West Philadelphia Orchestra | Live At Tritone

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World: Balkan Pop: Party Pop Moods: Mood: Party Music
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Live At Tritone

by West Philadelphia Orchestra

West Philadelphia Orchestra (WPO) is a Balkan-inspired brass band that plays rousing, organic dance music featuring adventurous improvisations, crisp rhythms and the voice of Petia Zamfirova.
Genre: World: Balkan
Release Date: 

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  Song Share Time Download
1. Ne Bas̆ Djavo!
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5:48 album only
2. Suknjica
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5:17 album only
3. Prazan C̆oc̆ek
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4:58 album only
4. Minor Major Threat
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5:51 album only
5. Slomoc̆ek
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4:15 album only
6. C̆aje S̆ukarije
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6:26 album only
7. Dem Rebns Woo Hah
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5:56 album only
8. Band Introductions
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2:21 album only
Available as MP3, MP3 320, and FLAC files.


Album Notes
Tritone was a gritty little bar located at 1508 South Street in Philadelphia, opposite the legendary Bob and Barbara's. WPO hosted its first "Balkan Dance Party" there on a Sunday night in June, 2007, and continued to play monthly until the club closed its doors in February, 2012. With the 10 to 15 piece band sprawled across the stage and onto the floor, and the crowd pressed tight against the drummers, WPO developed their unique sound and style and gained a loyal following. The regularly tried out new tunes, experimented with instrumentation and rhythms, and tested the boundaries of improvisation. WPO's Tritone shows quickly became known throughout Philadelphia as a must-have good time - a party where one could dance to pounding organic rhythms, sing along to soaring melodies and listen to some of Philly's best improvisers let loose - for $5. WPO also hosted 2 massive NYE parties there, for which the band themselves provided the Balkan buffet.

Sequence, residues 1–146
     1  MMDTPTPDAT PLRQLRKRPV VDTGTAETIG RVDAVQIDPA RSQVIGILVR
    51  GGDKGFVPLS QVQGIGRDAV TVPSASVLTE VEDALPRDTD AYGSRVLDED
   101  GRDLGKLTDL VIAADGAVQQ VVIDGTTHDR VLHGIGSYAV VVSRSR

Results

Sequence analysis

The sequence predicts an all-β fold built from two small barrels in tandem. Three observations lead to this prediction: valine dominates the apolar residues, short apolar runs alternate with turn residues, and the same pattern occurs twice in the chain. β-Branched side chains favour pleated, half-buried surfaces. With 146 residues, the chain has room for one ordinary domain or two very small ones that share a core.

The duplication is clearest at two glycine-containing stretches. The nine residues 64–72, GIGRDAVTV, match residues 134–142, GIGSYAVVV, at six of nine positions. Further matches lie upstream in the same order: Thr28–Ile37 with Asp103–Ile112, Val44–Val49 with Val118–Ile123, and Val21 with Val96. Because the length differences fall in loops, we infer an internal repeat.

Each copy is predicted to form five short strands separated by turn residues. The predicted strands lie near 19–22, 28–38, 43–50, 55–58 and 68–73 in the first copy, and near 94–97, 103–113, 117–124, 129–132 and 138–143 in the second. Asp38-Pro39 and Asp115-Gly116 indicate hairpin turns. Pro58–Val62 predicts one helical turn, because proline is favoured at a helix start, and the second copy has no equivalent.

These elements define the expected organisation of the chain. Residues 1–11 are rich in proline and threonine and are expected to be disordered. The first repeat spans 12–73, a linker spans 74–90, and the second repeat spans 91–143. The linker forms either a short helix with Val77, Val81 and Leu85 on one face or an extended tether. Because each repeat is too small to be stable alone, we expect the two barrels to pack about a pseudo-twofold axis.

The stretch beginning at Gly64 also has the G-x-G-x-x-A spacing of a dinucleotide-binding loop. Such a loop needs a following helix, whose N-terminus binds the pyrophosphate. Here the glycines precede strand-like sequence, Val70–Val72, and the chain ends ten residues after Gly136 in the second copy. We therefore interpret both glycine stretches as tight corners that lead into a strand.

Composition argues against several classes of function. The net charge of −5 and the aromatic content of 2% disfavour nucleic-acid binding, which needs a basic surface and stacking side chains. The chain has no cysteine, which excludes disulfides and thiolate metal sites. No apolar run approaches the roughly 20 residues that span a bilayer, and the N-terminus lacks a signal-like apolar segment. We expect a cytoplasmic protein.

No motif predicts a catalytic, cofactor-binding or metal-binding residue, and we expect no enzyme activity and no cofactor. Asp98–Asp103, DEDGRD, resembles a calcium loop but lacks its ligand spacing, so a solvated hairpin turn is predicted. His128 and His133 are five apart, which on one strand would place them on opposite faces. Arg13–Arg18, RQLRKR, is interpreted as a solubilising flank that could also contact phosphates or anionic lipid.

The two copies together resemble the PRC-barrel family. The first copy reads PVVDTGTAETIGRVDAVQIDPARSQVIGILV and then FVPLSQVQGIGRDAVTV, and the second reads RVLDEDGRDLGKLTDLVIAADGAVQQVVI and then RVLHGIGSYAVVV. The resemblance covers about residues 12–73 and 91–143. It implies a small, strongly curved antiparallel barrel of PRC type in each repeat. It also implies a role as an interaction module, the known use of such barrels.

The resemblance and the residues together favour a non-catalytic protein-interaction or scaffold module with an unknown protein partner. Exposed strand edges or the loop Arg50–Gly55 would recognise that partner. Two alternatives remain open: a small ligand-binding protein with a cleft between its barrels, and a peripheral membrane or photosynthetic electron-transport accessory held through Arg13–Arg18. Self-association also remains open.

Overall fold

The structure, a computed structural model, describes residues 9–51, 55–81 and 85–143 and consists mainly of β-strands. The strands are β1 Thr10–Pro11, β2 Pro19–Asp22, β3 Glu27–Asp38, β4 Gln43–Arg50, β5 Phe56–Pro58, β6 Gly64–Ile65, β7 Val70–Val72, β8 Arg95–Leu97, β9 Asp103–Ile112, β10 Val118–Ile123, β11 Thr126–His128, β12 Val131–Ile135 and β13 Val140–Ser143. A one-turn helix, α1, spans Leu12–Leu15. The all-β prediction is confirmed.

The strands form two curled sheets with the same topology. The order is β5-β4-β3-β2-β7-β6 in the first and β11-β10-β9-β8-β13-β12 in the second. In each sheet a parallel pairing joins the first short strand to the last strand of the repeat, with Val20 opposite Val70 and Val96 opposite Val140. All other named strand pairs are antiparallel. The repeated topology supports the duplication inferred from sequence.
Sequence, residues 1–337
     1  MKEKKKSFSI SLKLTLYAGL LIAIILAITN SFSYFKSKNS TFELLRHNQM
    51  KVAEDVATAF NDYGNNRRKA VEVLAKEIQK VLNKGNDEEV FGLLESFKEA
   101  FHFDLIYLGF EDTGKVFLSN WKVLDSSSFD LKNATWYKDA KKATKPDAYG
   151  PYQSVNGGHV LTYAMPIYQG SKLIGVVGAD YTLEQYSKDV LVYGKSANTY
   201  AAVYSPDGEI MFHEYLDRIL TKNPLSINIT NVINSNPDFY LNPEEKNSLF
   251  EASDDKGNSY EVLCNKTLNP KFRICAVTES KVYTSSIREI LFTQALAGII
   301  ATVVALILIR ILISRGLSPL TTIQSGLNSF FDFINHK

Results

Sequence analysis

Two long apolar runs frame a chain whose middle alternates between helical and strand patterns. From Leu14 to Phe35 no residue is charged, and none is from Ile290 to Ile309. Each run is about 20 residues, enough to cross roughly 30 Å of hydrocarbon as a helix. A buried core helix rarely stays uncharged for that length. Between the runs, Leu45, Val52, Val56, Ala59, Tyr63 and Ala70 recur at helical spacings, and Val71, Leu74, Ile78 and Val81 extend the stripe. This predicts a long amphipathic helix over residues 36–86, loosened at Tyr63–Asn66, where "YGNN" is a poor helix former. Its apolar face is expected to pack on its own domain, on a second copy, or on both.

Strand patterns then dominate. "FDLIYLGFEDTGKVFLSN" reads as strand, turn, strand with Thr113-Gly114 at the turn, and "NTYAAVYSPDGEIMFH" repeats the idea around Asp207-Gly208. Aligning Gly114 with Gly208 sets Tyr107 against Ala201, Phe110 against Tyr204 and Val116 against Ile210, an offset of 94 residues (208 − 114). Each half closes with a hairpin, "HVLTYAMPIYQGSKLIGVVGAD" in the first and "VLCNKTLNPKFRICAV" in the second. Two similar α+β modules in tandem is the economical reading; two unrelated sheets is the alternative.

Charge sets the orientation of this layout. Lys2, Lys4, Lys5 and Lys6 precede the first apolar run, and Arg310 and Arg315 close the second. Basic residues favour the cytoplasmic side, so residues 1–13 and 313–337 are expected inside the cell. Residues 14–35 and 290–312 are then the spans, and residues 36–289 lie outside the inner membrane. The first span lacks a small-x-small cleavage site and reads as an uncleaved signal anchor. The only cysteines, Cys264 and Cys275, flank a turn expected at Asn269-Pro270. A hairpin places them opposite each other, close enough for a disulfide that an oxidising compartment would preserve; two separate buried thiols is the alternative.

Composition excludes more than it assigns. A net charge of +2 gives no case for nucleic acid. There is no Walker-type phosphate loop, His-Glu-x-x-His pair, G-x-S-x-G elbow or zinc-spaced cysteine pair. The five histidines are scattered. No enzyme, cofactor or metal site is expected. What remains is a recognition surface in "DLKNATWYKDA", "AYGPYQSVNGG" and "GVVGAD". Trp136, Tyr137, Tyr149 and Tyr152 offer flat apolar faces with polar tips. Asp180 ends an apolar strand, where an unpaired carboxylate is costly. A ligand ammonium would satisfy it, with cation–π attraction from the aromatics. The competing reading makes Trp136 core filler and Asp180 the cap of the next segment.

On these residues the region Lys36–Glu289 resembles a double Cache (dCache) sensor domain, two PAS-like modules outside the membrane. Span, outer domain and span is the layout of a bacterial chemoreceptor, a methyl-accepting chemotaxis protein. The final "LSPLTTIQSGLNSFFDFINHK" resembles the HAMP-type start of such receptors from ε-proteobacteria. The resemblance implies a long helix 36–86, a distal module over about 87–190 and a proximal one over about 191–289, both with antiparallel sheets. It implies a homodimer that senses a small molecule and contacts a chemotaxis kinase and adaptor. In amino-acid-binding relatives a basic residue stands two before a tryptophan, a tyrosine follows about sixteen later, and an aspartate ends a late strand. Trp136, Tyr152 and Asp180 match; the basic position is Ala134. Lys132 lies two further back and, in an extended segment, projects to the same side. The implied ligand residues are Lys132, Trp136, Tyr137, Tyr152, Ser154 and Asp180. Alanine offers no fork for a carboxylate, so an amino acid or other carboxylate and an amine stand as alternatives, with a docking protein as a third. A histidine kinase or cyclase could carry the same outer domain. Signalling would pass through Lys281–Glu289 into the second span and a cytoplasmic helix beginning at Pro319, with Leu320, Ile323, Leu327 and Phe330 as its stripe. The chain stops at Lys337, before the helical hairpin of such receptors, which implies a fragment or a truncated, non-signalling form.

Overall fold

Thousands of Philadelphians and visitors came out for a night of frenetic partying and the city-wide special ($3 Jim Beam and PBR combo), and this live album is dedicated to Tritone and to all the beautiful folks who came by over the years. It was recorded on January 12th, 2012, and features Petia Zamfirova's inspired singing, solos by Koofreh Umoren, Adam Hershberger and Patrick Hughes on trumpets, David Fishkin and Elliott Levin on saxophones, and Jim Parker on the tuba. WPO set up the mics for posterity, to document the very good times; they didn't imagine that they'd release a live album at the time. Tritone's acoustics were never very good, the crowds were loud, and the band often wandered around the room as they played, moving among the crowd (a sonic experience that no stereo could re-create). However, the energy of the night came through strong on the recordings with surprising clarity, and we hope you give this recording a listen and can imagine (or remember) the joy we all shared at those parties.


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